August 1, 1954: Control of Japan by the Diet, delayed until 1957.

September 1, 1954: After a dispute regarding succession of leadership in the People's Republic of China, Zhou Enlai is made Chairman. The death of Chairman Mao at the hands of the 'rabid dog imperialist Americans' has come as a severe blow to the communist government. In Moscow, the troika (minus Beria) continues to rule.

January 1, 1955: As the war enters its fifth year, making it as long as WWII, protests in America become more widespread. A new social movement has emerged. "Beatniks' they are called. Primary characteristics of the beatnik movement include jazz, cofffee, support of civil rights, and polite liberalism. Beatniks, many of them young men, of draft age begin to protest what they see as an unjust and costly war.

March 15, 1955: General Douglas MacArthur (retired) announces his intention to run for president against Eisenhower in 1956.

Summer 1955: In the first, of what will become a nationwide phenomenon, a small group of college students, beatniks, and intellectuals camp out in Battery Park, New York City, for a day to listen to free performances of jazz, by musicians from Harlem, and Louisiana. Several 'blacklisted' playwrights and film makers are invited. The day of jazz starts peacefully, but by midday, the city sends in the the police to clear out the beatniks. Beatniks disperse peacefully.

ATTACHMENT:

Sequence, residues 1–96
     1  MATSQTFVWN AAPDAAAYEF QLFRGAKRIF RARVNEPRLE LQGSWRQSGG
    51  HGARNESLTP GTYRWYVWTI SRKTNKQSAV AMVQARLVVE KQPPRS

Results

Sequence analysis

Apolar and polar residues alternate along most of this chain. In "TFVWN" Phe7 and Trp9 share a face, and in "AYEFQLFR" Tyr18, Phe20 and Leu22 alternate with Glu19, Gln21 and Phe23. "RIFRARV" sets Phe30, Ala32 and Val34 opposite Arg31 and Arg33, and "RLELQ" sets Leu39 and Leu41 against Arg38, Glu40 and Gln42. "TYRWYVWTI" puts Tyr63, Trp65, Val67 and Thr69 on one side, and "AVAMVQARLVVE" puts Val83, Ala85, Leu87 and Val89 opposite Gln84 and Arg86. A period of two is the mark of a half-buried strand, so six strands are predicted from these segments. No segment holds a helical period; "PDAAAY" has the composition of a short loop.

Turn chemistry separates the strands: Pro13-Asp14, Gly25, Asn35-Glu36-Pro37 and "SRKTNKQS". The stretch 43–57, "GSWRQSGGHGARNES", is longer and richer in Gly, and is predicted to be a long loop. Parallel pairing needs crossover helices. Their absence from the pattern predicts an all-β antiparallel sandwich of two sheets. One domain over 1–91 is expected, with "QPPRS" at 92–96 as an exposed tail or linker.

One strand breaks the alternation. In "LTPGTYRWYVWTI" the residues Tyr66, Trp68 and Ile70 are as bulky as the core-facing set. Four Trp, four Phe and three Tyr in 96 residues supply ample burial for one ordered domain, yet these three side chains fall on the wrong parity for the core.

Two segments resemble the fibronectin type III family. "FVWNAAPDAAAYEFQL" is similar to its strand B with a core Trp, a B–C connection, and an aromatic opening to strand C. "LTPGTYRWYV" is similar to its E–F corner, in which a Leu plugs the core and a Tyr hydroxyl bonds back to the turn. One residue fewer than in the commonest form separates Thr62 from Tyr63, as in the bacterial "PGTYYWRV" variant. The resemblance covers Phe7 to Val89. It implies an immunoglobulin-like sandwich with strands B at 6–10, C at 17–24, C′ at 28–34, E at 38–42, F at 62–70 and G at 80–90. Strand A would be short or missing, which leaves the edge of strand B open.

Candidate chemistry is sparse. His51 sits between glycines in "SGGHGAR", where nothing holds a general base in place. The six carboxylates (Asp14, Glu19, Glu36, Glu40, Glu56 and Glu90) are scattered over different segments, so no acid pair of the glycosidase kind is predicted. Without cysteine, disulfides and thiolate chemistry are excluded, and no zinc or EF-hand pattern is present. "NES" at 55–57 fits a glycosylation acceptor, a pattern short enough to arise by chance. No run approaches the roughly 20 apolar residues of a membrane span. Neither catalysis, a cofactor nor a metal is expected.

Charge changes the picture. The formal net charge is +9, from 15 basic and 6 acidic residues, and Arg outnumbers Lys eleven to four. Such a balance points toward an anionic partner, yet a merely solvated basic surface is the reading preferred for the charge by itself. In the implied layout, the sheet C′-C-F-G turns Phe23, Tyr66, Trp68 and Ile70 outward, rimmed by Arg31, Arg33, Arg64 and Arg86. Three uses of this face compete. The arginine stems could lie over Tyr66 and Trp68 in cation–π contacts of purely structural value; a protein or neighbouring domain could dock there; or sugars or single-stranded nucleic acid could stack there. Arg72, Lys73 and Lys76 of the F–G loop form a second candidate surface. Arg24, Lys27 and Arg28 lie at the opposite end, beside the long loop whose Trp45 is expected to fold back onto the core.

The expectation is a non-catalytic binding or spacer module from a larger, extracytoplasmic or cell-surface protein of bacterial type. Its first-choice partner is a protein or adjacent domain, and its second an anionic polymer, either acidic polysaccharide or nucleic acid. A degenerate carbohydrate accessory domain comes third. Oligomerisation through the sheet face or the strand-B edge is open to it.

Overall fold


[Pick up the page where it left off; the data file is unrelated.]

1955: As peace protests increase across America, alarm spreads amongst America's "silent majority." Many Americans are young and patriotic, veterans of WWII starting families. This majority wants nothing but domestic tranquility, keeping the Soviet menace at arms length. The 'ungrateful' young people who are part of the growing beatnik culture were born only a few years before the war, and have limited memory of the conflict. Most Americans are rapidly losing patience with the beatniks and protesters.

November 1956: Douglas MacArthur wins the presidency of the United States, defeating Eisenhower. MacArthur's extremely conservative views are popular with Americans, fed up with the irregularity of the Eisenhower administration, and fearful of communists and other social rumblings at home. Senator Joseph McCarthy of Wisconsin runs alongside MacArthur, securing the position of Vice President. Protests break out in a few urban areas, with high percentages of students. However, the students support Adlai Stevenson rather than Eisenhower or MacArthur.